As the world waits for negotiations at COP20 in Lima, Peru, to get underway, municipal lawmakers and other experts from throughout Europe will be gathering in Copenhagen this week to discuss how cities can promote greater sustainability.
As urban populations increase, cities face increasing challenges related to climate change. That makes cities increasingly vital in efforts to come up with intelligent, sustainable ways of dealing with the impact of environmental and climatic change, without impacting growth or the quality of life of their residents. Copenhagen, for example, is adding 1,000 new residents each month, while at the same time serving as the engine of the Danish economy and working towards reaching its goal of becoming the first carbon-neutral capital by 2025.
Copenhagen hold the honour of being the 2014 European Green Capital. The recognition is aimed at promoting sustainable urban development throughout the European Union. On Monday, Bristol, England, will take over as the 2015 European Green Capital.
“Copenhagen has shown the way for other cities looking to become more sustainable, and being named European Green Capital has been an important recognition of our successful efforts to reduce carbon pollution and make the city greener. Improved sustainability has raised the quality of life for the people of Copenhagen, and our ambitious goals and increased investment levels have led to growth and new jobs,” says Copenhagen’s Lord Mayor Frank Jensen.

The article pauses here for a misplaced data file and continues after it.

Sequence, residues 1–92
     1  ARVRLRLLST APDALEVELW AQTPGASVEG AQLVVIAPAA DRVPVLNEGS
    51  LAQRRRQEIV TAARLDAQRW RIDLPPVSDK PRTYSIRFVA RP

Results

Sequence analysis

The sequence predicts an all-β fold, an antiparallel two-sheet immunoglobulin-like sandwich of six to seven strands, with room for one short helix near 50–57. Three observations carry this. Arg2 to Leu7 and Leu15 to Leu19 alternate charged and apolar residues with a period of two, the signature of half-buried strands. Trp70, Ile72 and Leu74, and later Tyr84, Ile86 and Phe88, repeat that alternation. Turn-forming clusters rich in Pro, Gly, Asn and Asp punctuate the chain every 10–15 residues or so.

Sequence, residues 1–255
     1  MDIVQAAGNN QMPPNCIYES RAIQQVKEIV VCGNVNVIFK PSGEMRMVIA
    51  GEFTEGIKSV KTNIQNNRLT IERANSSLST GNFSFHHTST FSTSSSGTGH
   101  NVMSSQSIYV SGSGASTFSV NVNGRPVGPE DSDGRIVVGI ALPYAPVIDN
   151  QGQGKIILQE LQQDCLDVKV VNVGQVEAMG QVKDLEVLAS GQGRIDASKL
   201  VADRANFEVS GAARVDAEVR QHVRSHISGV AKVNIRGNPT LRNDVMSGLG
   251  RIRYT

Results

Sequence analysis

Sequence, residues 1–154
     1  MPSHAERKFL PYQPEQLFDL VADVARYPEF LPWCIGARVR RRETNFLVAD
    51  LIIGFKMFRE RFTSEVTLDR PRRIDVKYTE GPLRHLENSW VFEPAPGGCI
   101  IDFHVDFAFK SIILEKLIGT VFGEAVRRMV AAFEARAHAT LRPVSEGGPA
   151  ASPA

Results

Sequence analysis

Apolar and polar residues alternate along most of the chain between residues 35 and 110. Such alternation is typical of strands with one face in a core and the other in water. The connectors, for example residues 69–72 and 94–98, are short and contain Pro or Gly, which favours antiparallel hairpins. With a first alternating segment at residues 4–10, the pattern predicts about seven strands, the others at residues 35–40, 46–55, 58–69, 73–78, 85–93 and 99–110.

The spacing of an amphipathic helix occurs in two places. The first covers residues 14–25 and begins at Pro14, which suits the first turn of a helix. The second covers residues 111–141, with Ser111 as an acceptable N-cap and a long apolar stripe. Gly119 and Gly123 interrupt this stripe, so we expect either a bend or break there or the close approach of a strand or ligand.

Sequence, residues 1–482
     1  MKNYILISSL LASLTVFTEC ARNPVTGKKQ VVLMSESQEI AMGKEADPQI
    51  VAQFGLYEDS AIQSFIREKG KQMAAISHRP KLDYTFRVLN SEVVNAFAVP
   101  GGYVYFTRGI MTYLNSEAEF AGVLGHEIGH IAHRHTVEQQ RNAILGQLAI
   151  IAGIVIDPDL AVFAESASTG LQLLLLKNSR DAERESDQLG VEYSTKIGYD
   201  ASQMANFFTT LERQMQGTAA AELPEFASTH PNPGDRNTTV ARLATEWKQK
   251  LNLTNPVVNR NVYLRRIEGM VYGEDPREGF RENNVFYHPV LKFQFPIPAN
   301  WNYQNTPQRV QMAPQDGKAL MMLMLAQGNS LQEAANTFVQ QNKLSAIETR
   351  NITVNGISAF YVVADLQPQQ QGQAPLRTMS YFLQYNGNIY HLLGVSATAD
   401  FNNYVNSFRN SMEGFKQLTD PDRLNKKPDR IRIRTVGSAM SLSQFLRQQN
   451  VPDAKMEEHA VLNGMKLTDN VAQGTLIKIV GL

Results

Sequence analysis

Previous European Green Capitals include Stockholm, Hamburg and Nantes. All three cities take part in efforts to share ideas for reducing the impact of climate change and to address its root causes. Such efforts focus on a number of areas, including transport, waste-management and energy.
The Sharing Copenhagen – Green Capital Days conference, taking place in Copenhagen December 8-9, will be attended by 600 European experts, lawmakers, journalists and representatives from NGOs. The conference will feature presentations of best-practice cases, discussions about the progress of climate adaptation and inspiration for co-operation at various levels. In connection with the conference, the Capital Region of Denmark will exhibit its own best-practices in areas such as energy, sustainable transport and hospital foodservice.
During the conference, the city will also be organising a green Christmas market on City Hall Square. In addition to sustainability, the market’s theme will be the sharing economy and reduced food waste. In keeping with the theme, visitors will be invited to swap unused items.
The Green Sharing Christmas Market marks the culmination of a 2014 that has seen Sharing Copenhagen work together with 100 partner organisations to stage some 300 events.
For more information about Sharing Copenhagen, please contact Le Lyby, +45 2910 7298, [email protected]
To contact the Lord Mayor, please contact Kristian Holmelund Jakobsen, +45 2495 1831, [email protected]